Although the average law firm reportedly spends 3.4% of its revenue on marketing, there are no hard and fast rules on this. Setting your marketing budget to equal a certain percentage of your revenues is not necessarily the right way to do it.
Instead, you should establish your marketing budget based on data in order to achieve your specific goals for growth. So once you’ve tested to figure out approximately how much it costs to acquire a client through each channel, the next step is to define your growth goals.
This involves deciding how much you realistically want to grow, and doing some basic math to determine where you will get your new leads from and how much you will have to spend to do so. Let’s illustrate this with a simple example:
Say your firm currently averages $100K in monthly revenue, by bringing in an average of 50 new client matters that are worth $2,000 each. You’d like to double that to $200K per month, which means you need to find a way to generate 50 additional new matters per month.
Your firm works with tech-savvy, younger clients, so you plan to do all of your marketing online. In your small scale testing, you determined that it costs about $10o per lead through PPC ads and those leads convert at 60%. Leads from SEO and content marketing cost $20 per lead, but they only convert at 10%.
This means spending $1000 on PPC will net you about 6 new clients, while spending $1000 on content marketing and SEO will net you about 5 new clients. While PPC may be slightly more effective for bringing in clients, keep in mind that SEO and content marketing are much more effective longterm toward building your brand. So it’s probably a good idea to allocate money to both strategies when establishing your budget.
Ramp Up Your Budget and Measure Results
Armed with all of this data, you can now finally implement a marketing budget. Based on your data and goals, you should plan to spend about $9,000 per month across some mix of PPC and SEO marketing in order to achieve your desired outcome.
You may notice that this number is significantly higher than the 3.4% average marketing spend, but that’s not necessarily a problem as long as your cashflow is in order. If you are trying to grow aggressively, e.g. doubling your monthly revenue like in our example, a higher marketing budget is probably the only option.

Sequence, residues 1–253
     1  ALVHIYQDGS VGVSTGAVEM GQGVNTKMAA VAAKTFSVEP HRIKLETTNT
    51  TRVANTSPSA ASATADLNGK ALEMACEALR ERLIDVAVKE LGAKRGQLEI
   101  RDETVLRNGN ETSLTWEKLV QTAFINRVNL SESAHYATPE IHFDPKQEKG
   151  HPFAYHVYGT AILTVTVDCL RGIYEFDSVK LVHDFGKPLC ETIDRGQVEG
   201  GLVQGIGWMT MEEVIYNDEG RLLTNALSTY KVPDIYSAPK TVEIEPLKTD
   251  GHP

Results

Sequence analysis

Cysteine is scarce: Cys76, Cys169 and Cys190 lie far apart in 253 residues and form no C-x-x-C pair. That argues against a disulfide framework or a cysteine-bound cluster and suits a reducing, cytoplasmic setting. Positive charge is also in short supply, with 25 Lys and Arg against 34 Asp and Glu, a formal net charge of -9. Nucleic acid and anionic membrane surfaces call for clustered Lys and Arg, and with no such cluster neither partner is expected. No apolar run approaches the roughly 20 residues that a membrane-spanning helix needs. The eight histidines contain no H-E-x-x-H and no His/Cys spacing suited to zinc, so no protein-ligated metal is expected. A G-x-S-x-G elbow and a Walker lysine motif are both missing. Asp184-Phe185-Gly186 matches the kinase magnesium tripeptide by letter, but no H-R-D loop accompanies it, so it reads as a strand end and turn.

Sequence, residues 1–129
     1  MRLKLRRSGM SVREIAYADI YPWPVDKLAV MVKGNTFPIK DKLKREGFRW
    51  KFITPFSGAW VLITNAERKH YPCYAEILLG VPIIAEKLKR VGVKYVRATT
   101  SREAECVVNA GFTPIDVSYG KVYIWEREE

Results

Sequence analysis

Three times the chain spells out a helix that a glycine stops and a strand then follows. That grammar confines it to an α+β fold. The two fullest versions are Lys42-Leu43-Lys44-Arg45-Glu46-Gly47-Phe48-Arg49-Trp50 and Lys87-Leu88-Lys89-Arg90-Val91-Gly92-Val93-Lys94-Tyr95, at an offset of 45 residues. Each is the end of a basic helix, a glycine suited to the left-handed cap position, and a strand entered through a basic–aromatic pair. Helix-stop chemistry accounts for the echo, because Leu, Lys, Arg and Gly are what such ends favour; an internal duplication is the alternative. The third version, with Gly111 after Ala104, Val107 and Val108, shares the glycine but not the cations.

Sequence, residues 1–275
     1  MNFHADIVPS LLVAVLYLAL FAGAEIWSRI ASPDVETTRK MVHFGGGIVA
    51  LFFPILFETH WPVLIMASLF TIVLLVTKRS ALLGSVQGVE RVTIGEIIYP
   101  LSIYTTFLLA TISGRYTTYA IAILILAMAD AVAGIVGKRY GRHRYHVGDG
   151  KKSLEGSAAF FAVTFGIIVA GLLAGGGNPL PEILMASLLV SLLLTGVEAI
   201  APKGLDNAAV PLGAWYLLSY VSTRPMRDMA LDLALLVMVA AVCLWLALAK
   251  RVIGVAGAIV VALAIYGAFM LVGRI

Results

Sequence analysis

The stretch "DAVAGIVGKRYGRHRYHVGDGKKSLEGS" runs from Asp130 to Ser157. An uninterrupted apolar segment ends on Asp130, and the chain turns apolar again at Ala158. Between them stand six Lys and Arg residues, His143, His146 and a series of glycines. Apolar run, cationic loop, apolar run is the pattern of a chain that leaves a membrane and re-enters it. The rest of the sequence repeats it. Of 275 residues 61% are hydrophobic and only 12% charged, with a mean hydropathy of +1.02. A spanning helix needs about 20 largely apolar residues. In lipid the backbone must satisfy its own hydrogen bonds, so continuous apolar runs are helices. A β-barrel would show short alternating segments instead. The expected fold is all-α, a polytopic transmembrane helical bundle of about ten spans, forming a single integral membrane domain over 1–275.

Also, you should always continue to track your incoming leads, and revisit your data often to ensure there is enough lead volume coming from each channel, and that the cost per lead is not increasing significantly over time.
If you find that a particular channel stops producing leads, or is generating a negative ROI, adjust your marketing budget accordingly by adding on additional channels and replacing the ineffective ones.
As you can see, establishing a marketing budget is not exactly easy and it shouldn’t just be a standard percentage of your revenue because that’s what everyone else does. That type of strategy won’t achieve your growth goals and might even end up costing you a lot of money.
Proper budgeting involves a lot of data collection and analysis. That’s why we are such big advocates of using a law firm CRM. CRMs make it much easier to capture this type of data about your leads, and analyze it over time.
If you don’t have a system in place for tracking data, paying for marketing is really just a shot in the dark. Sure, you might get some new clients out of it. But if you intend to actually grow your law firm, your success will be dependent on the ability to generate new leads for less money than you earn when they decide to hire you.
Finding channels with a positive ROI is the real secret to a establishing a law firm marketing budget, and the only way to do it is through proper data analysis.